At the national level, New America and Data Kind developed the Foreclosure and Eviction Analysis Tool (FEAT), an open-source tool that helps local leaders understand where housing loss is most acute, when during the year housing loss is occurring, and who is most impacted. Twelve cities from the Eviction Prevention Learning Lab, operated by the National League of Cities and the Stanford Legal Design Lab, took part in New America and Data Kind’s pilot program to develop and refine this tool with city users in mind.
One such city is Fort Wayne, IN, which is one of several Indiana cities involved in testing FEAT. Through persistence and collaboration across these cities, they managed to access bulk data from the state-level court. Previously, the cities had to comb through an online portal, which required users to have a case number or person’s name. While Fort Wayne only recently finished its analysis, the city is hoping to use the insights from the data to start moving its eviction prevention interventions further upstream.
Another such city is Tucson, AZ. Using the FEAT tool enabled Tucson to establish an eviction baseline using historical eviction data and demographic data from sources such as the U.S. Census Bureau’s American Community Survey. The baseline enabled the city to identify eviction hotspots and conduct strategic apartment complex-based resource fairs around eviction prevention and related services.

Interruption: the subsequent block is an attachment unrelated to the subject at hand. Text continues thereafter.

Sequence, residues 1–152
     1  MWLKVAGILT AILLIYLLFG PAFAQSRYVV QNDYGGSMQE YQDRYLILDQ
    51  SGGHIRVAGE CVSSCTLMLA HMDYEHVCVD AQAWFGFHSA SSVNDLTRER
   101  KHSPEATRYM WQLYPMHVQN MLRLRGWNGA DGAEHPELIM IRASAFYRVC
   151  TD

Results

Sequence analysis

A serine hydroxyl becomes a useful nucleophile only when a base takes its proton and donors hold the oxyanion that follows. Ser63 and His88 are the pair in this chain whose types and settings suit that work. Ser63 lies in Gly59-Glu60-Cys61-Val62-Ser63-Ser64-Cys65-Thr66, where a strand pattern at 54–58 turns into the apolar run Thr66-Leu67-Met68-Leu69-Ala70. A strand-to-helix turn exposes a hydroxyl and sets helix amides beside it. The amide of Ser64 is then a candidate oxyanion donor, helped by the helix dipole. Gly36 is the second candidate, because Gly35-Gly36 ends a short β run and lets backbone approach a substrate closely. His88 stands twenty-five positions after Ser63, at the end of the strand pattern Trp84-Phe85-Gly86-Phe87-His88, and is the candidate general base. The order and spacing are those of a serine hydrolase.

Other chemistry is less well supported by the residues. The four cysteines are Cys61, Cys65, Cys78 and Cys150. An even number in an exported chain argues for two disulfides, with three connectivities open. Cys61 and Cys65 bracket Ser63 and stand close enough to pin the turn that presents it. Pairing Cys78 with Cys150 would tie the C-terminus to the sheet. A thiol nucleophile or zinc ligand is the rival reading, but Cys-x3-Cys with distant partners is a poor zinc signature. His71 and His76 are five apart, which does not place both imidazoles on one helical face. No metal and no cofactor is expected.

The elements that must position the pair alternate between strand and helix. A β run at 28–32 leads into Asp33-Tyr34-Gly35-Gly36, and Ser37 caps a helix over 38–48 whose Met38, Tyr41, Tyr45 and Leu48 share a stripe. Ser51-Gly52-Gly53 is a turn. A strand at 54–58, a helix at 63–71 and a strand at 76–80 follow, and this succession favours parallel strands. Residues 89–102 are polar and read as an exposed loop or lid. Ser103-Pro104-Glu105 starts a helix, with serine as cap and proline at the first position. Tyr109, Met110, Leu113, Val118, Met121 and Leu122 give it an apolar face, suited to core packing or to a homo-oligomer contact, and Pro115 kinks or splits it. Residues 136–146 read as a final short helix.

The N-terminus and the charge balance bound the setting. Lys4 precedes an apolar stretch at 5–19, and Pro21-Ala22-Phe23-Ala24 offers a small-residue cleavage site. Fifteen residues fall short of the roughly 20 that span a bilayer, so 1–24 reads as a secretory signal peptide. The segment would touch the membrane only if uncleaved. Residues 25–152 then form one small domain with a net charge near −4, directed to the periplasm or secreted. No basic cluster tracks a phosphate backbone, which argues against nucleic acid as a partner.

The New Open-Source Data and Tool Repository
While some cities actively leverage open data or tools to inform their eviction prevention work, others struggle to access any data related to their local eviction landscape — let alone share that data openly. Further, many cities are not aware of the open-source tools available to conduct analysis.
In response to this need, the National League of Cities and Stanford Legal Design Lab compiled a list of open-source data and tools that cities can leverage to inform their eviction prevention efforts. The resource includes eviction-specific analysis tools such as the Foreclosure and Eviction Analysis Tool and city-specific examples such as the Atlanta Region Eviction Tracker. This resource is an ongoing and crowdsourced effort and will be kept up to date as more resources, tools, data sources and examples become available.
The extent of the current housing crisis has made it increasingly clear that many cities have critical gaps in their eviction data landscape. Regardless, cities will benefit from adopting an open data mindset to help make eviction data more accessible, reusable and sharable. This is a first step toward improving the flow of information across teams, departments and institutions to support better eviction prevention programs and policies — and ultimately, ensure housing stability for at-risk tenants.
How Can Your City Prevent Evictions?
The National League of Cities and Stanford Legal Design Lab’s Eviction Prevention Learning Lab is a nationwide, peer-to-peer network for cities and their partners to gain exposure to best practices, policies and tools to prevent evictions.